Jesus said, "What does it profit a man to gain the whole world but suffer the loss of his soul? Or what will he give in exchange for his soul? (Matthew 16:26; Mark 8:36)
A Story about my own Mother
What a treasure to have a mother who teaches her children how to save their souls, shows it by her good example, and daily prays her children home to heaven!
I was blessed to have such a mother, and I know she continues to pray for all her children from heaven.
Over 20 years ago, and some years after my mother died, a pastor friend encouraged me to go see the house I had lived in as a very young boy, before we moved to another state. So my pastor friend and I went there.
A lady came to the door. She and her husband had been living in the house ever since we moved, so I asked if she remembered my mom and dad.
She didn't remember a lot, because when the real estate agent took her through the house, my mother took us 6 little children outside. But she did remember, that when they got outside, she asked my mother, "So you're babysitting?"
Then my mother said, "O no, they're all mine!" And the lady said her face was beaming and she had a big smile on her face when she said it.
The Sufferings of Mary
Mary the Mother of Jesus had many joys. But she also had many sorrows and painful experiences.
When Joseph and Mary presented Jesus in the temple when he was 40 days old, Simeon prophesied that a sword of sorrow would pierce her heart. (Luke 2:22-35)
Soon after, the powerful tyrant Herod was jealous and tried to kill Jesus, so the family had to leave the country to keep Jesus alive. (Matthew 2:13-18)
When Jesus was 12 years old, one of the greatest sorrows of Mary was when he was lost in the temple in Jerusalem for 3 days. (Luke 2:41-51)
One of the great sorrows of Mary, that many people don't consider - because it is not recorded in the New Testament - is the death of her husband Joseph. Tradition says this happened sometime before Jesus started his Public Ministry.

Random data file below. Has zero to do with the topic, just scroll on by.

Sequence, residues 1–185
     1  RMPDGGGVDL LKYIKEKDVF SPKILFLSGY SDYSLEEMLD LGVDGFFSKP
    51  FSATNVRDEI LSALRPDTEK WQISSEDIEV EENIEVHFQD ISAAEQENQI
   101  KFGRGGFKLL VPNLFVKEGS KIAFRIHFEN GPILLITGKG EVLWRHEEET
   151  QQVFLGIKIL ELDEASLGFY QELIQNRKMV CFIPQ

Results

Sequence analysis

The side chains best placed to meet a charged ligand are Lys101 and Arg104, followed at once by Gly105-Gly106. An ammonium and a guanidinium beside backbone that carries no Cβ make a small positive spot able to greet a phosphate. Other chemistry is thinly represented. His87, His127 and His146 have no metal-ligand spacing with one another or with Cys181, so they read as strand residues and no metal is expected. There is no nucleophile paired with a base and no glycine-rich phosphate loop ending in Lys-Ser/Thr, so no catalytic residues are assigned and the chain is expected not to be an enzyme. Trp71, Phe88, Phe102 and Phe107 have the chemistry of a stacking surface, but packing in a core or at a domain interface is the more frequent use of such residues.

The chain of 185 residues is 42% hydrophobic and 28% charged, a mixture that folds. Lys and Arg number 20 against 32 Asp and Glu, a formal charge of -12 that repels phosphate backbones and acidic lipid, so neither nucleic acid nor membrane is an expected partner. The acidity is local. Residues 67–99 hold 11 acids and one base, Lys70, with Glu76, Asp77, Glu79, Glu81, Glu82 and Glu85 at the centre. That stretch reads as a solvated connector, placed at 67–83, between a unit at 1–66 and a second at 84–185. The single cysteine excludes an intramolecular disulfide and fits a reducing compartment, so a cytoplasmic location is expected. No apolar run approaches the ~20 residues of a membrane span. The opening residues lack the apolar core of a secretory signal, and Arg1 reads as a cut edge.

A few years later, on Good Friday, Mary was to stand on Calvary and watch her son Jesus tortured and nailed to a cross, on which he died in great agony. (John 19:25-27)
Her reward is very great in heaven. But she suffered very much on earth.
Imagine Jesus saying to his Mother in heaven, Happy Mother's Day!
Those in heaven can never be sad again, because it's a truly happy day in a really happy place.
Mothers Day Sermon Topic - Our Happy Mothers Day
John, the Apostle and Gospel writer, was also was with Mary on Calvary. Jesus told John to take Mary as his mother. You can read more about this "privileged blessing at a tragic time" in the 7 last words of Jesus
All faithful followers of Jesus have Mary for our spiritual Mother, because she was there at the time when our spiritual birth, the great work of our redemption, was happening.
Good Friday was our Happy Mothers Day - only that first day, it wasn't very happy.
It's like our birthdays. It's a happy event each year, but the actual day of birth ... when we were born ...